chocolate-covered tennis ball simulating a bounce on the surface of the moon. the chocolate will be covered in moon dust every time it bounces
and he will be able to paint a moon on the moon.Each of these paintings, and many more, relies on an ambiguously peopled mind as they are increasingly opaque. Henrietta and the Water, a work of women who wear saris, fabric and jewelry, perform some dance of discovery. Diana, with her deliciously long bared breasts and her embroidered periscope, sits proudly, impassively holding a tooth. She looks to be the ideal princess, but she is also something of a lunatic, the child of the moon, starry sky and moon-faced goddess. In this way, the portraits are like the decayed princesses in Snow White and the Seven Dwarves: like many other images of the 60s, they were first staged, made a sentimentality, and painted over. Once again, the images are forever provisional, being mere innuendo, and they have become moot, and that makes us feel like we have missed them.
, so as to remain in a slightly uncomfortable state. Newton appears to be a clay king, while the players are eggshells. One of the volcanoes behind Newton is his father, the deceased Newton who is now the magician. The two volcanoes are identical, since they both were in New England when Newton was born. According to the Goetzelite, the last geomoon was hit by a kunter in Boston. This was recorded by the last generation, which, being immortal, was not exposed to the universal hazards of New England winters. Newton may be stuck in Boston, but he will no doubt return, with a large party. Richard Morgan lives in Boston.
, and the tennis ball will be covered, too, if the tennis ball does, in fact, bounce. That all this will be made clear in the very near future is a testament to Szeemanns determined pursuit of the possibility of altering the trajectory of our perceptions of the natural world, and a gift to us all. Szeemanns gift is a radical and melancholy one.
chocolate-covered tennis ball simulating a bounce on the surface of the moon. the chocolate will be covered in moon dust every time it bounces and the tennis ball will be next to it and will be taken as a kind of token of friendship. The film is a travelogue from one (extremely unsympathetic) state to another. It attempts a kind of propaganda of virtue through the travels of a young woman. But it is also a parable of the men who are supposed to live there, and this they cannot, nor can they be expected to do.Perhaps it is because Luegos work is so often affected, as opposed to wry, that it is difficult to decide whether his influence has something to do with a sort of country life in the Midwest or with the more plausible notion of a Southern landscape as a site for art. It is the American landscape after all, rather than the city or village, that Luegos work is beholden to. In fact, his works are often located in these last two areas, and he does not, unfortunately, address the problem of being an artist in a place with a very different traditional culture—a place where one can be, indeed, both natural and cultured and at the same time, subject to its rules. This position is reinforced by the fact that Luegos work is unapologetically, at times, overtly political. The museum gave him an assignment: to cover the election of Gerald R. Ford as governor of the University of Michigan. The artist, of course, was authorized to exercise creative control over the subject matter of the image, to do whatever he wanted, but he was also told that he would have to alter it. Luegos response was to create a realistic image that could be altered and, more specifically, that it could be made to work within his own ideology. He chose a rather problematic subject: sexual liberation, which he thinks has gone too far.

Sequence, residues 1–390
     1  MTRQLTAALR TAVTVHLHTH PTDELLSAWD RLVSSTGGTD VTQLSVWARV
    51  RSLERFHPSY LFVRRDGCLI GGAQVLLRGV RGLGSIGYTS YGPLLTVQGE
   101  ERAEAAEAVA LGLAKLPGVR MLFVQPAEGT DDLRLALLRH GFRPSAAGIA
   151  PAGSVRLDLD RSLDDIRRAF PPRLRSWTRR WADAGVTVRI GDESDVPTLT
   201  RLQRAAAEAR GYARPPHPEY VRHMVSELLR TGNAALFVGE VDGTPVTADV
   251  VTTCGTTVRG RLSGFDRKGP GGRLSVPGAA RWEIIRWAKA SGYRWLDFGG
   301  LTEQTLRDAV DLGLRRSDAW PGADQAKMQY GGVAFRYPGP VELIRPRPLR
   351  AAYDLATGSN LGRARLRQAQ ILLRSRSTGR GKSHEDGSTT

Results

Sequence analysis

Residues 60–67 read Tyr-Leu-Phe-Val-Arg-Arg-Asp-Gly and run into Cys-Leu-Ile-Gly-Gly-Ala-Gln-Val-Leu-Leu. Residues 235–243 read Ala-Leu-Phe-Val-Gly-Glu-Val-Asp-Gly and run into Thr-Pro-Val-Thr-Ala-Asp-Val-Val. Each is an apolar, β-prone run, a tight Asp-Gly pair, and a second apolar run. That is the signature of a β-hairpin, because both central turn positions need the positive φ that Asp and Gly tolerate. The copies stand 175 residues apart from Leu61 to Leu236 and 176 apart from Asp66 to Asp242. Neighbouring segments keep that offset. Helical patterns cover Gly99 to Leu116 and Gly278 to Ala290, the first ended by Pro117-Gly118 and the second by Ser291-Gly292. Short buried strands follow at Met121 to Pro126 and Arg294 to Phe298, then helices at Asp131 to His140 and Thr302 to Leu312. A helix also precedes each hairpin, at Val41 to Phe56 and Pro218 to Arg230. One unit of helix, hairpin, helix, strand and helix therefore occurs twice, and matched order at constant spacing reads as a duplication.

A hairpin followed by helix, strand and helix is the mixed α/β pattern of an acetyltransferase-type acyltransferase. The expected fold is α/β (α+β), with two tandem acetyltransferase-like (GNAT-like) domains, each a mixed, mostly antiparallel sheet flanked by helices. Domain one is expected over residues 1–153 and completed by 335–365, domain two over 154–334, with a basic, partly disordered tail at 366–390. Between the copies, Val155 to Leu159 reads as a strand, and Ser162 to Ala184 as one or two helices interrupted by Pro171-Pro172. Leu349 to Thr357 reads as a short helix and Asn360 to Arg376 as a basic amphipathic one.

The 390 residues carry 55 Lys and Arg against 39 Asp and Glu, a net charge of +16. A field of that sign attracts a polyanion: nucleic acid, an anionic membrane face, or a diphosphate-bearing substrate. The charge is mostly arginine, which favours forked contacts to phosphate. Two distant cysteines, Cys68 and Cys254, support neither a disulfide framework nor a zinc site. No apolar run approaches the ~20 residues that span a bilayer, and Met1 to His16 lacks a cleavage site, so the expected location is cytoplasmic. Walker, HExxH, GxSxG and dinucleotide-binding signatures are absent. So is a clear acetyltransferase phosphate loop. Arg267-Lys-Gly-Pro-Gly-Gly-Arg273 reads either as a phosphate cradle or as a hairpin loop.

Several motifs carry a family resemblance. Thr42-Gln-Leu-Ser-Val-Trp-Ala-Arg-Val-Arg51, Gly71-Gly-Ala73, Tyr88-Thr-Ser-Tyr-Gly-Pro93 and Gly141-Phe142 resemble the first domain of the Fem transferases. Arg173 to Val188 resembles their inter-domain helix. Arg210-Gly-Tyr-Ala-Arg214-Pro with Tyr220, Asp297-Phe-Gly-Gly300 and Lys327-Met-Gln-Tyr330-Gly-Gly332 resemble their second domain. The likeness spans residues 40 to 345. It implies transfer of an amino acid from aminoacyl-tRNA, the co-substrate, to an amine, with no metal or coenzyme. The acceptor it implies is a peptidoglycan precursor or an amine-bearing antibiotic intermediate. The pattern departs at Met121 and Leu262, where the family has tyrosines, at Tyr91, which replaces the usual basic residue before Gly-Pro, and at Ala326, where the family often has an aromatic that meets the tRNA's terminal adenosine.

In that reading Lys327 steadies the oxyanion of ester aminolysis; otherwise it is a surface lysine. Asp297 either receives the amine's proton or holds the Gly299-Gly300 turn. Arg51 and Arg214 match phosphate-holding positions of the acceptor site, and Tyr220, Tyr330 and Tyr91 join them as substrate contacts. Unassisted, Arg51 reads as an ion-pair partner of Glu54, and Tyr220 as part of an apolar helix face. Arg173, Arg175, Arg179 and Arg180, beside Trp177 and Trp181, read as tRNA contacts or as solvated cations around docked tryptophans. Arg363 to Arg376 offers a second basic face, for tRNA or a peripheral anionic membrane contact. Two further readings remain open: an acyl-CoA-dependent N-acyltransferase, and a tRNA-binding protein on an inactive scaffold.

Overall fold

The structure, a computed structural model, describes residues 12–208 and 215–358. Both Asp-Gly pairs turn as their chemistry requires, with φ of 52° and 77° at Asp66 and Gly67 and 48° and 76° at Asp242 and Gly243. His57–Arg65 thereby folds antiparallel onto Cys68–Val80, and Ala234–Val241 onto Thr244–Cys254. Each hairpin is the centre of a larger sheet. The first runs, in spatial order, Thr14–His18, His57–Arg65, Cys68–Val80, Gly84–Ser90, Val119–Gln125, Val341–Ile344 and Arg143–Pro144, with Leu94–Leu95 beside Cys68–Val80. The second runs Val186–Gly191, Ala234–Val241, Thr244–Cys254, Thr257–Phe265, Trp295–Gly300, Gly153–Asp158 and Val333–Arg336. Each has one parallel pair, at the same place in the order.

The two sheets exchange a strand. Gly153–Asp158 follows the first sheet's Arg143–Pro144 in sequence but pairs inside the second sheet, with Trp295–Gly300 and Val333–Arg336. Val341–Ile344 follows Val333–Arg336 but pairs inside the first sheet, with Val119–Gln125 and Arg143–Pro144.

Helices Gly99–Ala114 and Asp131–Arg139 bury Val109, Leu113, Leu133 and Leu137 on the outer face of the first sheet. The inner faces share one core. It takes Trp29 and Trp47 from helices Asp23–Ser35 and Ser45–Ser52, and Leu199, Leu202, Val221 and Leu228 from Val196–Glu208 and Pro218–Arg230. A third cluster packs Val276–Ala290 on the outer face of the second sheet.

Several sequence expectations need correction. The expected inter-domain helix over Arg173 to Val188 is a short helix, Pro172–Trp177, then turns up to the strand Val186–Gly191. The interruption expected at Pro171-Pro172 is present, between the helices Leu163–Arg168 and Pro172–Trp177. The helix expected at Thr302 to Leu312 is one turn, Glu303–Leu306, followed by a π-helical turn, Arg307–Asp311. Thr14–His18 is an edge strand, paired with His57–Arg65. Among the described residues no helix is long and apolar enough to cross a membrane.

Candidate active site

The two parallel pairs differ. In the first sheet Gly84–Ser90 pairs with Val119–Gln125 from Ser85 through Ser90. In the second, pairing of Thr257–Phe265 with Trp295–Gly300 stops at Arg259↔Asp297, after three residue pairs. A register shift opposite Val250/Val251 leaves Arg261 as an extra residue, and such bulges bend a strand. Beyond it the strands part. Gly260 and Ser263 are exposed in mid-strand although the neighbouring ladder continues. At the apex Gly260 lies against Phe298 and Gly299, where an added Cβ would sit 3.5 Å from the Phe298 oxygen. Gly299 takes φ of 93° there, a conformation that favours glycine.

chocolate-covered tennis ball simulating a bounce on the surface of the moon. the chocolate will be covered in moon dust every time it bounces in the future, and will disappear completely in the first year (to commemorate the earths initial creation, which was called earth). Through this kind of projection, the head of every person on Earth is projected onto a card or image which, when the viewer stands next to the projected image, makes it look as if all the buildings in Manhattan were turning red. The projection also depicts the biggest building in the world, with a projected image of the Three Muses at the top of the tallest building in the world, Hiroshima, Japan. The huge world-shaped tower at the center of the projected image is only visible from an air-space tower—the airport; it is totally invisible, except to the plane that takes off and lands on it. The image is also made visible by the general feeling of anticipation which invades the space surrounding the building—a feeling which is intensified by the big balls that are attached to the ceiling, as if it were a target on a football field. The constant projected image of the target, of course, will turn out to be the same target shown in a football match, so that the projection can be seen as an allegory of the simultaneous realities of all things.The goal of this projection is to bring about the forgetting of the past, as it were. The aim of the projection is to evoke a kind of ambivalence, as if, instead of replacing the past, one were to point to a distant age, to a time when everything was gone and we were living a strange dream. The goal is to bring the past into the present, but also to make an act of forgetting possible. In the first year the work is played out against the very surface of the earth, but the projection itself is itself the surface, and in this sense it is the surface of the world as a whole. This projection can be seen as a commentary on the globalized world in which we find ourselves, and is implicated as an alternative to it.